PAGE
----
IR35 reform: what the contractors think
The UK public sector benefits from the expertise of around 26,000 contractors at one time. They’re the flexible, highly-skilled labour force propping up our NHS, our Civil Service, our police service and countless other vital organisations – and they’re under threat.
As IPSE members will no doubt be aware, the Government has proposed an extremely damaging change to the way these contractors can offer their services. While they’re currently responsible for assessing their own relationship with their client (and thus whether they’re taxed as a business or an employee), the Government may now shift this responsibility on to the client or the agency.
The problem is that clients and agencies, fearful of making the wrong call, will almost certainly play it safe and declare that their contractors actually work like employees, even in cases where they clearly do not. The contractor will then be taxed through the RTI system, but won’t receive any of the benefits of employment. Matt Cocker, for example, runs a small management consulting and marketing company, and he stands to lose out enormously. “I have no confidence that the interim agency would have any skills, or willingness, to take my company tax position into account,” he says. “They would err on the side of least risk and apply the tax regardless. The onus would then fall on me and my accountant to unwind and recover any overpayments, which could take a couple of years to recover”.
All the evidence suggests the Government has neither considered the full impact of these proposals nor whether they can be practically implemented. As Nigel Simpson, an independent contractor working for the MOD, points out, it simply isn’t appropriate to place the onus on a client who doesn’t have a grounding in tax law: “The tax status of my company is not a matter that can be fairly assessed by a third party. Despite the professional assessment of my legal advisers, I can never be sure when committing to a contract what its tax status will be judged to be at a later date by an unknown and unqualified party.”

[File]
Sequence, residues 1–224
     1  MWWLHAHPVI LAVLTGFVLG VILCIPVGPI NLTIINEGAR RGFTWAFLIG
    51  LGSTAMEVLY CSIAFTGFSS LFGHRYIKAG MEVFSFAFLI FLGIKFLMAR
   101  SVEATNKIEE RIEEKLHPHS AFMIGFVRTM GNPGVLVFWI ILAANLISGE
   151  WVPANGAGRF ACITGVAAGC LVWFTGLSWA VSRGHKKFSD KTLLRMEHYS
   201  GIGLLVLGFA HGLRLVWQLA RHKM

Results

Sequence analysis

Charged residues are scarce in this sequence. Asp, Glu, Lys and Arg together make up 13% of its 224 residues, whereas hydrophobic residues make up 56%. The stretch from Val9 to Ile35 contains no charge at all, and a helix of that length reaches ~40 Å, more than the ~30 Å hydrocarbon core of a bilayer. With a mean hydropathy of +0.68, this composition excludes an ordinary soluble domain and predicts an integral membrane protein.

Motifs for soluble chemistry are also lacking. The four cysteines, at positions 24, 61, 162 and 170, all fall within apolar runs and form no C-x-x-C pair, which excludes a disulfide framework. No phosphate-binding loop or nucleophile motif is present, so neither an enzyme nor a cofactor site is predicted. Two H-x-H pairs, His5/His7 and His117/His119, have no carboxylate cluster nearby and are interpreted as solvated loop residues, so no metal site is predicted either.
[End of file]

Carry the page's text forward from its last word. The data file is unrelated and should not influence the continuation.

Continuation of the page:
Chris Reilly is a contractor in the finance industry and suggests that the Government needs to recognise the value of flexible workers like him. “The Government needs to be encouraging, not hindering, contractors like me who stand ready to assist in shaping the UK economy during these uncertain times,” he says. “I would be a strong candidate to deliver value both to the taxpayer and other stakeholders, but I’m currently pondering whether to put myself in the running for these contracts.” He’s right; IPSE research shows that contractors working this way contributed a massive £37 billion to the UK economy last year and to penalise contractors would be to miss the point entirely.
One public sector contractor, who wishes to remain anonymous, goes further – they might be forced out of working in the public at all. “This is because,” they say, “it is very unlikely that I would be able to increase my day rate to compensate for the additional tax liability.”
Let’s be absolutely clear: if the IR35 proposals are implemented, there will be no winners. Contractors, unwilling to be taxed as employees without receiving employment benefits, will simply turn down public sector contracts and leave expensive consultancies to fill the void. There’s also the potential for these changes to be extended to the private sector too. So if you haven’t already done so, now’s the time to make your voice heard.